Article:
Type XII Box-Kite: built in 1913 to the then popular Box-Kite design.
Type XIII Circuit of Britain Biplane: a racing seaplane built to compete in the Daily Mail's 1914 Circuit of Britain air race, to be flown by Claude Grahame-White. However the outbreak of war saw the event cancelled and the Type XIII was converted into a landplane, probably in an attempt to drum up a military order. It was powered by a 100hp Monosoupape. The drawing shows the later landplane conversion.
Type XV (Admiralty Type 1600): a development of the VII Popular for use as a military trainer. 135 were built for the Admiralty and the RFC. During November 1913 one RFC Type XV was employed in the first British trials firing a Lewis machine gun at ground targets. Three survived the war to go onto the civil register in 1919.
Type XVI: a 1914 seaplane.
Type 18: a two-seat reconnaissance-bomber powered by a 285hp Sunbeam Maori engine. A prototype was built, the only-known photo shows its structure before the airframe was given its doped fabric covering. It lost out to the Airco DH.4 and other similar competitors.
Type 20: a prototype scout built in 1916 and powered by an 80hp Clerget 9C or Le Rhone 9C rotary engine. The fuselage was believed to be that of a Morane-Saulnier G or H. It never progressed past trials.
Type 21: designed in 1917 this was a much cleaner design than the Type 20 having streamlined interplane struts and an aerodynamic dorsal fairing. The engine remained an 80hp Le Rhone 9C. Again the design failed to impress the RFC.
G.W.E.4 Ganymede: a heavy three-engine bomber designed in 1918. Two of the engines were located at the front of the booms driving tractor propellers while the third engine was in the rear of the central nacelle driving a pusher propeller. Two pilots and a bomb-aimer/gunner were in the central nacelle with a gunner in each fuselage boom. Intending to use the 400hp Liberty engine, shortages meant three 270hp Sunbeam Maori engines were fitted instead, Only one of three prototypes was completed, being tested in 1919. After being damaged in a landing accident it was rebuilt into a civil airliner as the G.W.E.9 Ganymede. The central engine was removed and two 450hp Napier Lions fitted. A glazed cabin accommodated 12 passengers. Before it could enter service it was destroyed by fire in September 1920.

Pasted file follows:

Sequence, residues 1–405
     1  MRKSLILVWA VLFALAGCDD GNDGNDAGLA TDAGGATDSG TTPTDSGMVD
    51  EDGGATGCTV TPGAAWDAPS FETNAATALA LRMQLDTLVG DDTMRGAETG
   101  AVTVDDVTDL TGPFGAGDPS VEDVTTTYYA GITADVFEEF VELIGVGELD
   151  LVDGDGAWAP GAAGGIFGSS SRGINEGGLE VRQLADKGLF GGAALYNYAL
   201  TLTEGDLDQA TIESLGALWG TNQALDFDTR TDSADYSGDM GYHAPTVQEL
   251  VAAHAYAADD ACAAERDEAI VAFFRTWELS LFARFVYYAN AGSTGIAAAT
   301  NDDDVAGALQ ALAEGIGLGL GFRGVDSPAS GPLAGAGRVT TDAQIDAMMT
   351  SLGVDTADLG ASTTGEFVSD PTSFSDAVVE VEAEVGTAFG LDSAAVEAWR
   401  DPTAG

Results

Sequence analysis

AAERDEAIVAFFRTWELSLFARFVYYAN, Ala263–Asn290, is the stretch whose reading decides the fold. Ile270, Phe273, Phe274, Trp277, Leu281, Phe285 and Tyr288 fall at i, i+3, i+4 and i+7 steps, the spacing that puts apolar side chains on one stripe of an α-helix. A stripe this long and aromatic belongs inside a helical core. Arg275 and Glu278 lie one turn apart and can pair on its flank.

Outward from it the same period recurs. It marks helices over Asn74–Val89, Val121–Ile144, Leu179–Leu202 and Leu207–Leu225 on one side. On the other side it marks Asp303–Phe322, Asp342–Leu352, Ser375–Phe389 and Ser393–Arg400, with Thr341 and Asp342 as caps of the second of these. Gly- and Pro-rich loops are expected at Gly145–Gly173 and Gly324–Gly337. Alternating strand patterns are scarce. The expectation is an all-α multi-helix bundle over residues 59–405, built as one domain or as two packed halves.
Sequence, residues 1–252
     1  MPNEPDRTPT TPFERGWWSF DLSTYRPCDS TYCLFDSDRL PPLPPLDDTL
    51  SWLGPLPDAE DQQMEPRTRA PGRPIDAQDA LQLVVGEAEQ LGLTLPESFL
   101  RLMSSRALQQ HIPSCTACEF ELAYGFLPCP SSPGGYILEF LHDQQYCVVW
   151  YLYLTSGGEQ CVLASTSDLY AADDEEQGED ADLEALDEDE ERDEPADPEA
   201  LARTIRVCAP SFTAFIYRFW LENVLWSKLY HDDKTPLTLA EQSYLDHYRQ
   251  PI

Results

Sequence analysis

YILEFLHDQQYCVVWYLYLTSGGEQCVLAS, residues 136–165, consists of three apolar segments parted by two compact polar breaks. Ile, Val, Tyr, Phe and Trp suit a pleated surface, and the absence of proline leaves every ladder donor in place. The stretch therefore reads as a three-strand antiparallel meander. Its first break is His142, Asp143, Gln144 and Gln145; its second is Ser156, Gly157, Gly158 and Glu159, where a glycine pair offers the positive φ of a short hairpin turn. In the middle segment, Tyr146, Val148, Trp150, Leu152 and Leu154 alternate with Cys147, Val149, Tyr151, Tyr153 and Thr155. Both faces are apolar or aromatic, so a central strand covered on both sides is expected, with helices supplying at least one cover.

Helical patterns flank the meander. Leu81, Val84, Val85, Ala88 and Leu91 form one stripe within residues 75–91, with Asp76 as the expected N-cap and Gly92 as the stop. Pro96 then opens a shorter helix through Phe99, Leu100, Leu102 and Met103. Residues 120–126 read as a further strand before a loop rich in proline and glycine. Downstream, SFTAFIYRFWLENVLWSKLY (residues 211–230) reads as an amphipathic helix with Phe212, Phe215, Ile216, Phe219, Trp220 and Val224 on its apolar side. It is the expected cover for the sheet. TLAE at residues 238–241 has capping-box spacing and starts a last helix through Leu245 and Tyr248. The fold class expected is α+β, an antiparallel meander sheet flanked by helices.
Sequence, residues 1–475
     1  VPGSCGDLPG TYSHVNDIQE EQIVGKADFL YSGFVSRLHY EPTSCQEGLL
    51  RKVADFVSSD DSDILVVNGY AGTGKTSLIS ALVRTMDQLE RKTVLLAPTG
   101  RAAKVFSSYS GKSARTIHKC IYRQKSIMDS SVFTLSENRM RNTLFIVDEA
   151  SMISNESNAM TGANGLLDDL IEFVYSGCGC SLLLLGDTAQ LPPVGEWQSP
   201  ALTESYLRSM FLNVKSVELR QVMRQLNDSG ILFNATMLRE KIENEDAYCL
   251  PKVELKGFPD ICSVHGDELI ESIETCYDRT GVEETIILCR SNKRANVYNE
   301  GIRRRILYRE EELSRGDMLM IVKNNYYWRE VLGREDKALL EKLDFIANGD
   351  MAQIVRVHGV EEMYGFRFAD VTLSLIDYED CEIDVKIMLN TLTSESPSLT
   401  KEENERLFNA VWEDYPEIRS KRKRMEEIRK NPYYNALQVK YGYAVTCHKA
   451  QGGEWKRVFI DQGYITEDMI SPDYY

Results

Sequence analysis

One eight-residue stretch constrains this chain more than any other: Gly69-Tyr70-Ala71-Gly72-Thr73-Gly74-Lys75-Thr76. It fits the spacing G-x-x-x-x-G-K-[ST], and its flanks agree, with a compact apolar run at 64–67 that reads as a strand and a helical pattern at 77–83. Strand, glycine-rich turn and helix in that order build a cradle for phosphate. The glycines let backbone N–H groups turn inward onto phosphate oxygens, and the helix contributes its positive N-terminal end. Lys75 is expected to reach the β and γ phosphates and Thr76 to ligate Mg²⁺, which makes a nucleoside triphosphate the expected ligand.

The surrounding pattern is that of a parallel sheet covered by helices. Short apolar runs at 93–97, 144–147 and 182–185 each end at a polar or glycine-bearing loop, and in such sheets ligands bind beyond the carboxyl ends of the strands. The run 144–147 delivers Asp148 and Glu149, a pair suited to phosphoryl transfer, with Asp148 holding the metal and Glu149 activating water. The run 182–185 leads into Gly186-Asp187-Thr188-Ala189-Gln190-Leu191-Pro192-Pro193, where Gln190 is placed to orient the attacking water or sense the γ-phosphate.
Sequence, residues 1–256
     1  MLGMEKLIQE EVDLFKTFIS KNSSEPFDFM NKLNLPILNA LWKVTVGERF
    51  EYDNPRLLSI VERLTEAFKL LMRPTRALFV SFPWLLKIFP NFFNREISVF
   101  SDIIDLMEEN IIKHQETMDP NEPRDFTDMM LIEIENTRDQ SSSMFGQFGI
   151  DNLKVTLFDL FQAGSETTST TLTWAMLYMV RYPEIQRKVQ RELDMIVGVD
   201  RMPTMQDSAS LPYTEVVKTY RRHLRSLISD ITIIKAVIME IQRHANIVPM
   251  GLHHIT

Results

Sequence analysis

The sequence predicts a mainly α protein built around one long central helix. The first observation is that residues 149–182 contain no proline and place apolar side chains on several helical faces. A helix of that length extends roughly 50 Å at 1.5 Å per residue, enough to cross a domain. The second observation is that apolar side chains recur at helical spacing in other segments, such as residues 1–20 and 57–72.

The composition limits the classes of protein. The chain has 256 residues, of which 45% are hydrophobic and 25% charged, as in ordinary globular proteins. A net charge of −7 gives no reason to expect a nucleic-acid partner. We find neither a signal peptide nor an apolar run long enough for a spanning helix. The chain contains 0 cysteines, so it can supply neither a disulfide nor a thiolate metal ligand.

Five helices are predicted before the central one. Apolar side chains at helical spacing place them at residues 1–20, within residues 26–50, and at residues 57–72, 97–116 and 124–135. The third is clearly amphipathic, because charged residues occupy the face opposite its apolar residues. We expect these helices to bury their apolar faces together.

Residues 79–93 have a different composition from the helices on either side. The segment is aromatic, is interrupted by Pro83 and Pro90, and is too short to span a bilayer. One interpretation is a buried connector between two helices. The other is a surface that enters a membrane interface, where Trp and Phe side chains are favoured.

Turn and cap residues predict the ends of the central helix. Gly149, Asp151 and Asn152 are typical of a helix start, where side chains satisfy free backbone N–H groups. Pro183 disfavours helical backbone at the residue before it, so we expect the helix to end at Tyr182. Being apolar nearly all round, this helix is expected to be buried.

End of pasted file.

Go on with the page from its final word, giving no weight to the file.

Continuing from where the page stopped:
G.W.E.6 Bantam: a conventional racing biplane powered by a 80hp Le Rhône rotary engine. Two aircraft took part in the 1919 Aerial Derby at Hendon Aerodrome, but neither finished the race. A third example was flown in South Africa in the 1920s.
G.W.E.7 Aero-Limousine: a luxury airliner seating four passengers in a cabin in the nose with the pilot behind. It was powered by two 320hp Rolls-Royce Eagle V piston engines. Registered G-EALR it was first flown in 1919 but was later damaged beyond repair in a forced landing at Hendon, the damaged remains being burned in 1920.
G.W.E.8: a 1919 design for a 10 passenger flying boat powered by two 350hp Rolls-Royce Eagles and a range of 500 miles but never built.
G.W.E.10: a 1920 design for a small single-seat express mail plane, possible being a Bantam development. It was never built.
A large 24-seat three-fuselage and three-engined airliner was also planned but never built.